So, you want to know how to make pizza dough? This is my favorite recipe for pizza dough.
I’ve been making a lot of NY style pizza dough …. The obsession started a while back, and I’ve finally found a recipe that I love the best! After years of experiments (and I mean years!), I am now using this recipe based on recommendations from the many fine pizza makers at www.pizzamaking.com and the Dough Doctor, Tom Lehnmann.
Making NY style pizza dough is definitely somewhat of an art form. There are so many variables that can be changed aside from the ingredients alone. For example, there is oven temperature, temperature of the water used to make the dough, proofing methods (room temp vs cold rise), order of adding the ingredients (yes, this makes a big difference!), mixing time, use of autolyse, use of poolish (I don’t do either of the last 2, although I have in the past) and then of course, the toppings which can be simple or as complex as you’d like. But don’t worry too much about all of this – my method is easy and straightforward. Plus, you will make better dough than 99% of the pizza chains out there.
My all-time favorite dough is NY style dough. This dough contains water, flour, salt, instant yeast, and olive oil. After it is mixed, it is proofed in the refrigerator for a minimum of 24 hours and up to 72 hours (it can also be frozen).
This recipe produces a crisp yet foldable crust that is tender, light, and flavorful and will make enough for four 14-inch pizzas.
Fourteen tips for success:
1. Use high-quality flour – I like to use King Arthur’s all purpose or bread flour; higher protein (ie, bread) flours work best. However, I prefer all-purpose flour because I like a lighter, airy crust.
2. Do not add instant dry yeast (IDY) directly to cold or cool water – you may shock the yeast (add the IDY to your flour instead) (please note that IDY differs from active dry yeast, which must be activated by adding it to water).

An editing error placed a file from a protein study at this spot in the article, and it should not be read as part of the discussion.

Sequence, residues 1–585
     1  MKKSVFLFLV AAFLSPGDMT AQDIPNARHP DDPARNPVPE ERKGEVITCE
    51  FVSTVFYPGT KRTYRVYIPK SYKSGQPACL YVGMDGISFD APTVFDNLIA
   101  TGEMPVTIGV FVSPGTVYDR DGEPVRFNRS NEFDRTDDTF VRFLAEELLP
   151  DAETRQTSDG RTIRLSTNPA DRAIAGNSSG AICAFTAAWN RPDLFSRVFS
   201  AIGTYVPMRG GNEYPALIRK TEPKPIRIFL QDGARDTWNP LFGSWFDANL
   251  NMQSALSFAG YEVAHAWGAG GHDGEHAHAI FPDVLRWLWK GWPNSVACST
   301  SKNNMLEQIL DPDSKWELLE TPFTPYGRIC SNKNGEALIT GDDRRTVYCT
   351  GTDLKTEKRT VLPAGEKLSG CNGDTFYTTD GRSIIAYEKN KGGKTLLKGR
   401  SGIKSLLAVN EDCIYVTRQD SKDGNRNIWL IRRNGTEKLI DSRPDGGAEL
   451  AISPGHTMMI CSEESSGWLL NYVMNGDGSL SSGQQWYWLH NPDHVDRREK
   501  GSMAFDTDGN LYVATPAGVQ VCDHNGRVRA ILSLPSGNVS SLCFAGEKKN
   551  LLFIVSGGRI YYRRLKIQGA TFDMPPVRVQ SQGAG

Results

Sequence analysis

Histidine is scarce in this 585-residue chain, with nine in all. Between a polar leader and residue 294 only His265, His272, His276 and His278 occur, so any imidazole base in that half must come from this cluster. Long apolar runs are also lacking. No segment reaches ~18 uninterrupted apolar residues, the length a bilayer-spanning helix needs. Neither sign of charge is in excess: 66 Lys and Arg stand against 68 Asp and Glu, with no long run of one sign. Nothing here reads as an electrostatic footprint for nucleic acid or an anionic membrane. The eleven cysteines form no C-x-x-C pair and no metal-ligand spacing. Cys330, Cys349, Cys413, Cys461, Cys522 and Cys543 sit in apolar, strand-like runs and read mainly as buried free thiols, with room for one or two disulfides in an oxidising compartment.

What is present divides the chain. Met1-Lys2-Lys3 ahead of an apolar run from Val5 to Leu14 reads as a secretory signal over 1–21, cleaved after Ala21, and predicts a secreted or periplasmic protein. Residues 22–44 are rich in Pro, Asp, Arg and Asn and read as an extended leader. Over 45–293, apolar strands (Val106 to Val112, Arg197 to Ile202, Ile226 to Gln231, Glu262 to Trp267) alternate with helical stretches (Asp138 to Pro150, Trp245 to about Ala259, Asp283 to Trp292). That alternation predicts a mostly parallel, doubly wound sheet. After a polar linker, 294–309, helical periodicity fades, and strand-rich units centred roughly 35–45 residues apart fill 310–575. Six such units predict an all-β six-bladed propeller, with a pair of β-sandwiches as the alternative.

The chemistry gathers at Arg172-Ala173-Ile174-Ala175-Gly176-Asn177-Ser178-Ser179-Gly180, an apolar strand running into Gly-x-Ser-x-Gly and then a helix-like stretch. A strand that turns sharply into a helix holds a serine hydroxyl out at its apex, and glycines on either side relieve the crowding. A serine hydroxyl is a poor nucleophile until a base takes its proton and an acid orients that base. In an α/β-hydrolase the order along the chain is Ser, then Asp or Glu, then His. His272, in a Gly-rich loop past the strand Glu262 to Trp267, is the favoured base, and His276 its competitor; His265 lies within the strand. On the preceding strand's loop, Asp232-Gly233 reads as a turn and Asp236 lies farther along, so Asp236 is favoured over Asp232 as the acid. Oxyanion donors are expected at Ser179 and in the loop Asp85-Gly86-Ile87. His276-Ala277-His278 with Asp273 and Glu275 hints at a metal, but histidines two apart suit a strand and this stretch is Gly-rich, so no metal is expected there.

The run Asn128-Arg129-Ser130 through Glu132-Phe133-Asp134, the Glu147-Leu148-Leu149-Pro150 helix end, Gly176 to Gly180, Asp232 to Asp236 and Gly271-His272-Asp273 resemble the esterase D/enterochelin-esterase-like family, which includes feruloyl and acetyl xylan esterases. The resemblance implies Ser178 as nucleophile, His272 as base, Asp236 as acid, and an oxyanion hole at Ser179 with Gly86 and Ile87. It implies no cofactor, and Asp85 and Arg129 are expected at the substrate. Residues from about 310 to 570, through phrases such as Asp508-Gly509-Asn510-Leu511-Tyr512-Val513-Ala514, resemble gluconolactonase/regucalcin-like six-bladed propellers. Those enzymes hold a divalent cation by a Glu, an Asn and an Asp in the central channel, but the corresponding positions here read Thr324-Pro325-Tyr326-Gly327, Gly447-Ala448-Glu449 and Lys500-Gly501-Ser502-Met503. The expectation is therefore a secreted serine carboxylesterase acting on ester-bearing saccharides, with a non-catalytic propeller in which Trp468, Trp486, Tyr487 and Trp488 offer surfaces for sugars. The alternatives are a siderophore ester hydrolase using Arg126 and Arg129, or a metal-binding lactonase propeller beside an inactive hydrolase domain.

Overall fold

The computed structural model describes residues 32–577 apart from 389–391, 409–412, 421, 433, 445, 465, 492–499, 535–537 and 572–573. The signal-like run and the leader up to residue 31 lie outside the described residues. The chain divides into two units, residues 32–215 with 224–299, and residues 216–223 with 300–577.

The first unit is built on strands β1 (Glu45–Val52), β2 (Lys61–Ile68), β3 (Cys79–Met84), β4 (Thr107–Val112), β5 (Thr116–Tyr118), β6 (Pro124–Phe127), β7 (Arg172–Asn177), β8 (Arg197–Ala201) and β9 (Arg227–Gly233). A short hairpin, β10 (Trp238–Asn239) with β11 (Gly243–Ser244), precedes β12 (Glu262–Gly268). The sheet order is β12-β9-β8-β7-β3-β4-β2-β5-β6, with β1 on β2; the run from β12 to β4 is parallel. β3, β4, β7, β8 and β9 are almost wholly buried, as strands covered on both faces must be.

3. Use only enough yeast to “get the job done” – yeast eats the sugar in your flour to produce its leavening effects – I’ve found that if you use too much, your dough will be tasteless (this is just my opinion); however, it is a fact, that too much yeast can make your dough taste bad. Most recipes out there, some of them in well known, published books contain too much yeast!
4. Always use your refrigerator. The best NY style doughs “ferment” or “cure” in the refrigerator for at least 24 hours and up to
48 72 hours. This is called a “cold rise” (vs warm rise on your kitchen counter) and it is used to retard the dough’s fermentation, allowing that distinctive flavor to come through (ever wonder why some pizza crust tastes different than others, despite the fact that they are both made from just about the same exact ingredients? – this is a big reason why!) When your dough rises too quickly, the flavor will not develop optimally. Slow rise = MUCH better flavor.
5. Use a scale to weigh the flour instead of using a measuring cup – it is much more accurate and will yield superior results. I’ll admit, I resisted doing this for a loooong time. Just do it. You’ll be glad you did and your dough will be more consistent and much improved.
6. Mix the oil in as the last step, after the flour has all been incorporated. This is important to allow the flour to hydrate properly.
7. Before tossing or opening your dough balls, flour them *very* well on each side (if you are a beginner) to ensure they do not stick to your counter or pizza peel. I sometimes use a bit more flour after I begin spreading them.
8. Take care not to “degas” the rim of your pizza as you are spreading your dough! Do NOT ever use a rolling pin! There are many different methods to spread/open your dough ball. I hope to add a few pictures someday of this process.